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  • The consequences of Romney’s proposed minimum wage hike

    By Daniel Hamermesh
    Published: Feb. 9, 2012

    Daniel Hamermesh

    Daniel Hamermesh

    Daniel Hamermesh is the Sue Killam Professor in the Foundations of Economics. A nationally known labor economist, Hamermesh specializes in social programs, the economic benefits of beauty, academic labor markets and unusual applications in everyday life.

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    Poor Mitt Romney. He has been vilified by the Republican right this week for reiterating a position he took in 2008 that he favors indexing the minimum wage (having it rise each year with inflation). This position goes counter to the usual Republican ideology that the minimum wage should be abolished.

    I don’t like the minimum wage — it does kill jobs, especially among youths and minorities — although not very many. It generates more heat relative to its importance than practically any other social/economic policy. Democrats have to love it to curry favor and obtain money from trade unions; Republicans have to hate it to curry favor and obtain money from small business interests.

    Election 2012 graphic

    Experts from across The University of Texas at Austin will weigh in here on the politics and the issues.

    Indexing the minimum wage would reduce the rhetoric devoted to this relatively unimportant issue. And given that the minimum wage has not been raised in a while, an indexed minimum would start at a reasonable level. The only major effect of taking the discussion out of politics by indexing the minimum wage would be that politicians of both parties would no longer be able to demonstrate their bona fides to their core constituents by arguing for, or against the minimum.

    Mitt is right — let’s finally defuse this issue.

    More from Daniel Hamermesh:

    • Quote 2
      Jeff said on Aug. 31, 2012 at 2:36 a.m.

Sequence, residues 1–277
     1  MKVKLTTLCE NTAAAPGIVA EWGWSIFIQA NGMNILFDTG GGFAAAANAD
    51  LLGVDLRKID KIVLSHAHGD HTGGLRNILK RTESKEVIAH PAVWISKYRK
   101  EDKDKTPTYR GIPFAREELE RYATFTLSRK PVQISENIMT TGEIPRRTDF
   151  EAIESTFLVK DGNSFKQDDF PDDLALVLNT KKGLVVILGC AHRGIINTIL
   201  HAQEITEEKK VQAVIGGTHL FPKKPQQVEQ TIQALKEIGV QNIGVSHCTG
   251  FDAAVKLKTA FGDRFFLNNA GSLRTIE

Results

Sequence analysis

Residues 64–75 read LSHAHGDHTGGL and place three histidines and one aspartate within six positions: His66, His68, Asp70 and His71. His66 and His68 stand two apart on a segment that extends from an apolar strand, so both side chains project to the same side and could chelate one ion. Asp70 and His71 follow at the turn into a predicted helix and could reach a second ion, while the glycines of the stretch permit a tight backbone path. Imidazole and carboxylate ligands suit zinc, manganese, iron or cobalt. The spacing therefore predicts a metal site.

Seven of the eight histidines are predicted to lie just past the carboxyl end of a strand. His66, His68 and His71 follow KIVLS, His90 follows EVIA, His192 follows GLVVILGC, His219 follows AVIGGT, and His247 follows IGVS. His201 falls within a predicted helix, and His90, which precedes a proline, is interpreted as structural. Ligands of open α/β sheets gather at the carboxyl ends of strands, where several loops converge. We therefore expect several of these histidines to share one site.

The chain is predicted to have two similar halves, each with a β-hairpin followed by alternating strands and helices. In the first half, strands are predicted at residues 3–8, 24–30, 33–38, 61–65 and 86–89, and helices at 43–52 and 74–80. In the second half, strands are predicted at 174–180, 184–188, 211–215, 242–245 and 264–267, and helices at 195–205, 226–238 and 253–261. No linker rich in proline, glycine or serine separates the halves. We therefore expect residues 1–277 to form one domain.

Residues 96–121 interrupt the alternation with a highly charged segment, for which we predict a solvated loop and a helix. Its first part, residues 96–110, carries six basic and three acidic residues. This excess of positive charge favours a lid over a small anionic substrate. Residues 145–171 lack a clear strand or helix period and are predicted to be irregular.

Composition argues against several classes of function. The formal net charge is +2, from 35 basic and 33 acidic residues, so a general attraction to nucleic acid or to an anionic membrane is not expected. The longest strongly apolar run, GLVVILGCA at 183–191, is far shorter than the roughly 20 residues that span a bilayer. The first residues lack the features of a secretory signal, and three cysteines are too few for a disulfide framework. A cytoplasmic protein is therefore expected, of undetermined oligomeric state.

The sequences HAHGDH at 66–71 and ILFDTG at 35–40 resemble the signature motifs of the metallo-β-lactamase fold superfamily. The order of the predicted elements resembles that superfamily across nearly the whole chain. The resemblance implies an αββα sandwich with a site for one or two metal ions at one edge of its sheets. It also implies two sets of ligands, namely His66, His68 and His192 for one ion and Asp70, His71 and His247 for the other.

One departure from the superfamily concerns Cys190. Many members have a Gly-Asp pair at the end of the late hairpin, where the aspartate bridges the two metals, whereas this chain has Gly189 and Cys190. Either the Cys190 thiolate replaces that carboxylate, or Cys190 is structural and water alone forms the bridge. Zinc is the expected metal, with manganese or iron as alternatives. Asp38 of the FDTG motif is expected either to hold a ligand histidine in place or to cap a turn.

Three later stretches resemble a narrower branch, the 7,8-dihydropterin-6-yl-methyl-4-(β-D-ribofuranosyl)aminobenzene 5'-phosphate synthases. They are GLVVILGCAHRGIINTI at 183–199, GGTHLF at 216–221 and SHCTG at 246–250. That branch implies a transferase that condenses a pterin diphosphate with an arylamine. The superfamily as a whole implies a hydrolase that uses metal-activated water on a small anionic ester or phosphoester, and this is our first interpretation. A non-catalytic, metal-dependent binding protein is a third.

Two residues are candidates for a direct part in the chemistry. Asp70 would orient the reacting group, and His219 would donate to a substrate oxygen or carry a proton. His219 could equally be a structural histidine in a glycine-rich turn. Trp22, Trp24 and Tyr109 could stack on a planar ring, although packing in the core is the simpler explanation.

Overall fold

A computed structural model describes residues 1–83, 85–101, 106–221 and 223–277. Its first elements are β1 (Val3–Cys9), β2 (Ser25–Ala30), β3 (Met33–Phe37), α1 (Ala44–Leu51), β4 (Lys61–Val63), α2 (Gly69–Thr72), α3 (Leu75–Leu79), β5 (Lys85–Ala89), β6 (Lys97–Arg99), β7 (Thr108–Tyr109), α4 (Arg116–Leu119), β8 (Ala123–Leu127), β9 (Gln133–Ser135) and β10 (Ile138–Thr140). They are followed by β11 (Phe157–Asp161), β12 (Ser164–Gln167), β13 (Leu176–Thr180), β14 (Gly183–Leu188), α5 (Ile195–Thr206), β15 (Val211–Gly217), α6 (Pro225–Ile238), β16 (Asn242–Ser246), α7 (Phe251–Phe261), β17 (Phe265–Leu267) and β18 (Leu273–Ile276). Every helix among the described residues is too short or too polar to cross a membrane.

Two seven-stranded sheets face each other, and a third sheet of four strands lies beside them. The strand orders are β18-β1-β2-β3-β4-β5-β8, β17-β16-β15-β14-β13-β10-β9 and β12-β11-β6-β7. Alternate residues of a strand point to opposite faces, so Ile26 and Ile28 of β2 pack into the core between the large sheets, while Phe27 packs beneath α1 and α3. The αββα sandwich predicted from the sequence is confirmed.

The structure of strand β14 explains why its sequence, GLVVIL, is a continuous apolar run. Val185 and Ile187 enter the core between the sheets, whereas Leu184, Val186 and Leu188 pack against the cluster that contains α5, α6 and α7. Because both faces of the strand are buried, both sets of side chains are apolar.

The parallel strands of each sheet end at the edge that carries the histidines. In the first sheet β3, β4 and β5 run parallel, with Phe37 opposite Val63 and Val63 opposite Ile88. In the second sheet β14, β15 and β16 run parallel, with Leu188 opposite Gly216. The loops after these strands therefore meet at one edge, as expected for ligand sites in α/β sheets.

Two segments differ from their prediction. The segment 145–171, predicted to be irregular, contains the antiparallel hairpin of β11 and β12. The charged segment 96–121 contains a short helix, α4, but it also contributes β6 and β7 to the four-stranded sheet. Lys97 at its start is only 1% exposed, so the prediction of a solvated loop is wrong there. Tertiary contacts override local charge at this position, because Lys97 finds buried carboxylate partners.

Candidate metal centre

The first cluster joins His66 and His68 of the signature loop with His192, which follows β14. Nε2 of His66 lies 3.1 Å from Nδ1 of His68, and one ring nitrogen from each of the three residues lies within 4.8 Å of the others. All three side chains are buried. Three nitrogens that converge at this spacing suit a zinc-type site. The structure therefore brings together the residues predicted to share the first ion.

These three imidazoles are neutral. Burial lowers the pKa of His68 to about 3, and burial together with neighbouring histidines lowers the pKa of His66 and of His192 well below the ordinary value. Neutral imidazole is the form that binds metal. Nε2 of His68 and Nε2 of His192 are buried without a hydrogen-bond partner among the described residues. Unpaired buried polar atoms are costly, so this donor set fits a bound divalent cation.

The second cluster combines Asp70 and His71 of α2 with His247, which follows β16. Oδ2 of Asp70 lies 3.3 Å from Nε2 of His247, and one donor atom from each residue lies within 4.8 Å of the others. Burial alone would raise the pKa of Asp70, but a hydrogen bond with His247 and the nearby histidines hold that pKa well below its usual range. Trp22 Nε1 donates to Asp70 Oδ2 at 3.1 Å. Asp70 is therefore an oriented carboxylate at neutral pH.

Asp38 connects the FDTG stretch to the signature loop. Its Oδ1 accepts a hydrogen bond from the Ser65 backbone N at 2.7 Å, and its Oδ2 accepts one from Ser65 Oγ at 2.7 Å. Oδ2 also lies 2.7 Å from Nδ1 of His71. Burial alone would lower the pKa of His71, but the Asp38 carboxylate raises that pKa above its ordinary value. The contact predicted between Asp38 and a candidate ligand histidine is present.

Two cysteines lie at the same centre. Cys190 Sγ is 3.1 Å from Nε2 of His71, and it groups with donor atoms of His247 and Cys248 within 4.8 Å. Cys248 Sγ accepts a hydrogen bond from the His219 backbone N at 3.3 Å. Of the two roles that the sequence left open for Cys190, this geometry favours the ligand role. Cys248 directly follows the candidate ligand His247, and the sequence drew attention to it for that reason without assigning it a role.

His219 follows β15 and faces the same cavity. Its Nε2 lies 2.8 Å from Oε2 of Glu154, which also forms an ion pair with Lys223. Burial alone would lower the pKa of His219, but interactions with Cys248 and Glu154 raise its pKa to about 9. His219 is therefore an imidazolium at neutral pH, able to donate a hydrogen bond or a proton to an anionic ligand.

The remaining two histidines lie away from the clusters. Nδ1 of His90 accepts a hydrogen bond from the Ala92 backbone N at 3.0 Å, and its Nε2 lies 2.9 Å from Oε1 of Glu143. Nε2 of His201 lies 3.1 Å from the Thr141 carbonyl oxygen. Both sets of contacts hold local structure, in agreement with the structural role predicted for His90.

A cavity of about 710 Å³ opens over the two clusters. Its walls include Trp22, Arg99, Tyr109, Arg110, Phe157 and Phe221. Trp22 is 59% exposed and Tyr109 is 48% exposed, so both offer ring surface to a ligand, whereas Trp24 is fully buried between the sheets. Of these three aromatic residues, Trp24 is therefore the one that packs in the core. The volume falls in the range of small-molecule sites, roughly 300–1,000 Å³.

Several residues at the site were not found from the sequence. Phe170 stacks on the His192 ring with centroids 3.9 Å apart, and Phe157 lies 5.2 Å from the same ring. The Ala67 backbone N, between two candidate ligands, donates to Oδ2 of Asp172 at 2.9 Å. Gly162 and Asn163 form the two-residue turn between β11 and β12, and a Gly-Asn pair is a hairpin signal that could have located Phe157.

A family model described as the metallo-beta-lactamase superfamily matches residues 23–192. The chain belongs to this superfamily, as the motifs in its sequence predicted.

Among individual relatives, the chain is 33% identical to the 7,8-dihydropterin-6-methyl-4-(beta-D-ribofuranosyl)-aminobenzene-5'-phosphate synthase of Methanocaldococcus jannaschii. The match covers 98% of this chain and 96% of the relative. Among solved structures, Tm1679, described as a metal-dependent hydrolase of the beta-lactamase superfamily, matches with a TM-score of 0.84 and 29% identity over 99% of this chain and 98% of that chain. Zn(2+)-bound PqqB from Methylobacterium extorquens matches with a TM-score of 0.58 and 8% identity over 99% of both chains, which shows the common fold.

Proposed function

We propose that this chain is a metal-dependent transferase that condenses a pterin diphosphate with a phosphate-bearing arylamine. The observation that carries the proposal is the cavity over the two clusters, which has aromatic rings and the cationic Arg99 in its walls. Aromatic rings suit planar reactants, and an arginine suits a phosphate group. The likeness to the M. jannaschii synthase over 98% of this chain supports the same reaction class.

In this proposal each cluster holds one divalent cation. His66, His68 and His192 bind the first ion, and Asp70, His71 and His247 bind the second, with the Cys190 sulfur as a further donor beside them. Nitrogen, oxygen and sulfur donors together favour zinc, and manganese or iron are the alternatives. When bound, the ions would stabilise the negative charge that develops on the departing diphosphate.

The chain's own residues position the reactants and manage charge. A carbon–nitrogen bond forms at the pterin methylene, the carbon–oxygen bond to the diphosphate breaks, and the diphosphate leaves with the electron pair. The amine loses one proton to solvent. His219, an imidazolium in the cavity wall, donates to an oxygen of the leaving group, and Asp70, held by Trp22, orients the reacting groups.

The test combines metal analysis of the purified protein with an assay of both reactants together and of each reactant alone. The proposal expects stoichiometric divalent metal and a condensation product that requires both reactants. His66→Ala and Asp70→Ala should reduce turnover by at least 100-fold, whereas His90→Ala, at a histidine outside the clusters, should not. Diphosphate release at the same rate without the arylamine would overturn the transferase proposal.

The minimum wage is an interesting topic in that liberal and conservative bases have switched arguments a little bit. Not because they haven't been true to their ideologies, but because the topic plays both sides of the fence in subtle ways. Conservatives like to argue that liberals should like reducing minimum wage because more people can get jobs. Liberals for the most part miss a chance to argue that conservatives should like minimum wage because it skews the labor market in ways that actually make companies more efficient. Companies who would have 5 8 dollar workers might only have 3 10 dollar workers plus a new labor saving device to push output up for those three employees. Saving 20 dollars an hour might make something economical that saving 16 dollars an hour wouldn't. And the people making the labor saving device are probably paid enough that minimum wage doesn't matter. If Nike were forced as a condition for product import, to pay every employee worldwide at least $1.50 an hour, then you can bet they would find a way to increase the number of shoes each employee currently making $2 to work a long 12 hours produces. Of course there would be a lot of people out of work because of this, but the argument is that they would find something else to do. The important thing is that massive amounts of labor that was wasted in some extremely inefficient activity has been freed up to do something more productive. Of course, if it is wrong when a liberal makes it to a conservative, then it also has to be wrong if a conservative makes it to a liberal... Perhaps they could put "Peg and Awl" from 1928 on the Radio as they make the transition. I would suggest you can't take arguments like this at face value, but have to look at them in terms of what is actually going on in the economy at the time the changes are made. What is good in a strong labor market can be bad in a week labor market and vice versa. This is probably the strongest argument a liberal has against free traders. Market interference can't possibly be wrong in *both* directions. Actually it can, but not very often as it requires a spectacularly balanced economy. Once you admit that the economy is stronger after you move in one direction than it is if you move in the opposite way, then you also have to admit that studying the world has power and you don't want to be the one arguing before a scientific committee that we were all put on the correct path by our higher power.
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